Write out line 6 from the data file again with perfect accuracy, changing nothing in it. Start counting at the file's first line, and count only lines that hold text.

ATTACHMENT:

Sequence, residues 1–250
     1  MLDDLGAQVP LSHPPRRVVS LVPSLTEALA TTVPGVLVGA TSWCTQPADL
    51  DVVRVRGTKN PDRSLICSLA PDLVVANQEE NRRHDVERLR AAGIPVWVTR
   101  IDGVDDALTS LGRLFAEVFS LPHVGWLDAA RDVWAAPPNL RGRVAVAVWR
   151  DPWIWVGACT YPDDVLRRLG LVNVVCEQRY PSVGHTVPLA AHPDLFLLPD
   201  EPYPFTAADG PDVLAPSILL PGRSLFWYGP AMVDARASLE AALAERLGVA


   201  EPYPFTAADG PDVLAPSILL PGRSLFWYGP AMVDARASLE AALAERLGVA